• liaise with other healthcare practitioners and refer patients requiring other medical attention.

As most chiropractors are self-employed, you'll also need to carry out activities related to running a business.


  • As you'll typically be self-employed your salary will depend on how much you charge and how successful your business is. Fees for patients are usually between £30 and £80 per session. This varies depending on the length of the session and your location.
  • Your salary will typically rise with experience as you'll be able to charge more per session and you're likely to build up a bigger client base. Salaries may also be affected by any links you have with GP practices and other healthcare professionals, as this may supply referrals.
  • Financial rewards can be good if you have the right combination of skills and experience and own a large practice employing others.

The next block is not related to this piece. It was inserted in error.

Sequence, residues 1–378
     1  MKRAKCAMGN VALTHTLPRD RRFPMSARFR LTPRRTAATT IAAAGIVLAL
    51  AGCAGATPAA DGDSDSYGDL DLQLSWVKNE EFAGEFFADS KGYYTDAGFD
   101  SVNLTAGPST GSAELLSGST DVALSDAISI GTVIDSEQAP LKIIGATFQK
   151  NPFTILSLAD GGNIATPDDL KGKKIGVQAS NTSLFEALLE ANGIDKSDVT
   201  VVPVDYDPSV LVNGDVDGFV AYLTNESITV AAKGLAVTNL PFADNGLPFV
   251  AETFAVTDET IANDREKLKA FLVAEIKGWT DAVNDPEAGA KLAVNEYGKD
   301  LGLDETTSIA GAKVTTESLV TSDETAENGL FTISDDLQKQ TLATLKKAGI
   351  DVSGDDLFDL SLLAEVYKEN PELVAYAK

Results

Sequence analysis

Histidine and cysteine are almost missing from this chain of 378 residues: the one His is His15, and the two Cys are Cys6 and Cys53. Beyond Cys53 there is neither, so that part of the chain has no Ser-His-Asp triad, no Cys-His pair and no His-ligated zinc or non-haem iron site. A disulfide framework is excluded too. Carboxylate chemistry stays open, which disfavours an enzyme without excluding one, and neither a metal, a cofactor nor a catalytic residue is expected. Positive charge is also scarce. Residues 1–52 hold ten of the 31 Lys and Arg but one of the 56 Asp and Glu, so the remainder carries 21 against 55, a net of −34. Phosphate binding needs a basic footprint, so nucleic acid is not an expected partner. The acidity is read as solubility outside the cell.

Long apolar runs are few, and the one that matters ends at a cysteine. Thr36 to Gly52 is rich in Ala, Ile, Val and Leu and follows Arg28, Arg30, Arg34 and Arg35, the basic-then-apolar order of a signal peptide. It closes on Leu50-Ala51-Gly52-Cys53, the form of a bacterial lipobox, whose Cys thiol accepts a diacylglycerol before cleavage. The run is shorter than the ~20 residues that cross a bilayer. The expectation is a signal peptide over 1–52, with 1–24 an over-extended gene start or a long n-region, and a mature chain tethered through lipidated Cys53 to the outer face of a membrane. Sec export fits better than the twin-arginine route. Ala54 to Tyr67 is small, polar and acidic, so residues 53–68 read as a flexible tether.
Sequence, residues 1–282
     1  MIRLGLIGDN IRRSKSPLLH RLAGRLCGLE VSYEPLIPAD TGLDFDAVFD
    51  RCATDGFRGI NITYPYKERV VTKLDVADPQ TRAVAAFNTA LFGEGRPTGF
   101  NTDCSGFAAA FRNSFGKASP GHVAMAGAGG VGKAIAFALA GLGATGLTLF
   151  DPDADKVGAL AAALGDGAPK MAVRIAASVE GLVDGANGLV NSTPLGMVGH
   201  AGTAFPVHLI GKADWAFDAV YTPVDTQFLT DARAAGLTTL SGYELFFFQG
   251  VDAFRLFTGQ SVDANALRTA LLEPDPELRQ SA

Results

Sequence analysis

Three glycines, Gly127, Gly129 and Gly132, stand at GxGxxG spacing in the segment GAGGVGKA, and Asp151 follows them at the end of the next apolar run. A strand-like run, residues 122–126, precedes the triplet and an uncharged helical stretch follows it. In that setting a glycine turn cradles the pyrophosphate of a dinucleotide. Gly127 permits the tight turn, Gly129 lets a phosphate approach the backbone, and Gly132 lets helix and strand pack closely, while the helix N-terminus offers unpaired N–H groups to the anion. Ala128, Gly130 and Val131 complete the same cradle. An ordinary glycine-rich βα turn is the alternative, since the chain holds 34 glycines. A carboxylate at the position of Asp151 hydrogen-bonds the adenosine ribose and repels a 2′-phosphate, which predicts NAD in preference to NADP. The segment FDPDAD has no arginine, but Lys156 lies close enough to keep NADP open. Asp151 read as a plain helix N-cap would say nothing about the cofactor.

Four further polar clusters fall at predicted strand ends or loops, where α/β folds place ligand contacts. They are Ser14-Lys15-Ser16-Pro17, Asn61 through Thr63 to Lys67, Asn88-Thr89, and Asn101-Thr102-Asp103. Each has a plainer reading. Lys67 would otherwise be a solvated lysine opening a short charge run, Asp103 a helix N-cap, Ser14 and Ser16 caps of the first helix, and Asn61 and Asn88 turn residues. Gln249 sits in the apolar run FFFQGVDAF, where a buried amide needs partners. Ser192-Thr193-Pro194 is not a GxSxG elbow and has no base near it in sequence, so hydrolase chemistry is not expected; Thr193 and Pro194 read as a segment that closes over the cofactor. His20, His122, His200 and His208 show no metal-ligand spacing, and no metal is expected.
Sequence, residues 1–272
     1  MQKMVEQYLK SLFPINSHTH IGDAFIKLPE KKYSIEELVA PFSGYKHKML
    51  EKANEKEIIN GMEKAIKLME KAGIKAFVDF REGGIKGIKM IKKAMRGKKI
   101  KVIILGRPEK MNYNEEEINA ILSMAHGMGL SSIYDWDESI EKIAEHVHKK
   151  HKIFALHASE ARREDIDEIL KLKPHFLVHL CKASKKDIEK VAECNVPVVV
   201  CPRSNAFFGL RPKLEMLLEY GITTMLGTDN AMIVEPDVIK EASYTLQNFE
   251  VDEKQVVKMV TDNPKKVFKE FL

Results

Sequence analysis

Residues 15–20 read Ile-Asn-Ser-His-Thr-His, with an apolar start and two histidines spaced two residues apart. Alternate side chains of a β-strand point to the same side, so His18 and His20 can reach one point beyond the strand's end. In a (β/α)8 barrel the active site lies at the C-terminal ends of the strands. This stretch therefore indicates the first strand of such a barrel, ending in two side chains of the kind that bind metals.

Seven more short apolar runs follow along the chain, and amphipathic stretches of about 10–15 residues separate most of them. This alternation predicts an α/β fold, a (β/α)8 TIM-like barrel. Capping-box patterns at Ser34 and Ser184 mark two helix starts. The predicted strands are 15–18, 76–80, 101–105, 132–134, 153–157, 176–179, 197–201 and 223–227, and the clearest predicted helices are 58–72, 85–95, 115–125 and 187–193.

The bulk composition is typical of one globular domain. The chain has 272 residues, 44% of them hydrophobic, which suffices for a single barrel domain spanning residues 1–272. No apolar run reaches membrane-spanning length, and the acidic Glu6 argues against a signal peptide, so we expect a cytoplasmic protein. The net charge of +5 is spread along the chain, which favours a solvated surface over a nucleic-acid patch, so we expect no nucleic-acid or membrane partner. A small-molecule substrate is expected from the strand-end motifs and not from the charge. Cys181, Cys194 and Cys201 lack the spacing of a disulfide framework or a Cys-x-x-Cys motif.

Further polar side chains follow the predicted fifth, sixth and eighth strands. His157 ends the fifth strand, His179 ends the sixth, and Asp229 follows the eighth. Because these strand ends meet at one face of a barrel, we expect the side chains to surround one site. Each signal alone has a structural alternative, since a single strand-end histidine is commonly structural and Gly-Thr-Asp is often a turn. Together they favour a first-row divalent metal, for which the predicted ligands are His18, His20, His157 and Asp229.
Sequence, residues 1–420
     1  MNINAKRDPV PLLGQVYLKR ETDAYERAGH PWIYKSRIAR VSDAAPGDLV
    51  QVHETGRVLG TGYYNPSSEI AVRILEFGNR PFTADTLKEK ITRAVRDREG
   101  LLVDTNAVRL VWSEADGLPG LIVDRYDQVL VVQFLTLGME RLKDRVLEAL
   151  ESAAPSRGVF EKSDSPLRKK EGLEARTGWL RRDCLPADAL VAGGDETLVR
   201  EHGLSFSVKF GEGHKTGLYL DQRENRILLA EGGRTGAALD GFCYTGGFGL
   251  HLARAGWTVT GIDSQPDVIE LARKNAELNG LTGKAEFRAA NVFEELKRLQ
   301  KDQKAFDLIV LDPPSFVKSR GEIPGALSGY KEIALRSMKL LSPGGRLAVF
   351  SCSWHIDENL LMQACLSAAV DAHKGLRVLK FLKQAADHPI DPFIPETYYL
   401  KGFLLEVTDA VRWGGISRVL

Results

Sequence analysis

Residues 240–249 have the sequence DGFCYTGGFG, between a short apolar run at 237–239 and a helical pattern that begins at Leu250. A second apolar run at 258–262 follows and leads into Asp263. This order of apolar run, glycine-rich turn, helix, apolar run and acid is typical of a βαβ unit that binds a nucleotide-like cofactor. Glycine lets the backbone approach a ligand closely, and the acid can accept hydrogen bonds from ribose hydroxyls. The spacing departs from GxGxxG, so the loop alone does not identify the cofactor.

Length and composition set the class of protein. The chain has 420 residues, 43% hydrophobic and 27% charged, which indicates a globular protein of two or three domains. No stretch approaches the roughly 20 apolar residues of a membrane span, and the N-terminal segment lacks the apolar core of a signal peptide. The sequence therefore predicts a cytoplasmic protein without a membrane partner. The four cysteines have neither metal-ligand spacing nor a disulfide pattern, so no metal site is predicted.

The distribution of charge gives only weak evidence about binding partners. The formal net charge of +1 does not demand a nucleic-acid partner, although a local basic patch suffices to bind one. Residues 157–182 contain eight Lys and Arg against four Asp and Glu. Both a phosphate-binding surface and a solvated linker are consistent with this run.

Building a successful private practice can take time and you may need to consider having a second job to begin with until you have an established client base.

Income figures are intended as a guide only.

Working hours

Your working hours will reflect your clients' needs and many practices open early in the morning, in the evening and at weekends.

The majority of chiropractors are self-employed, allowing you flexibility on the hours you work. Part-time work is possible.

What to expect

  • You may work alone, with other chiropractors in group practices, or alongside related practitioners such as physiotherapists, acupuncturists or massage therapists.
  • Opportunities exist throughout the UK, with practices in both urban and rural areas. You can also work from home if you have the space.
  • The work is both physically and mentally demanding, but also rewarding as you see the progress and improvement of patients.
  • Regulation of the profession includes a strong code of ethics. Confidentiality and discretion are important.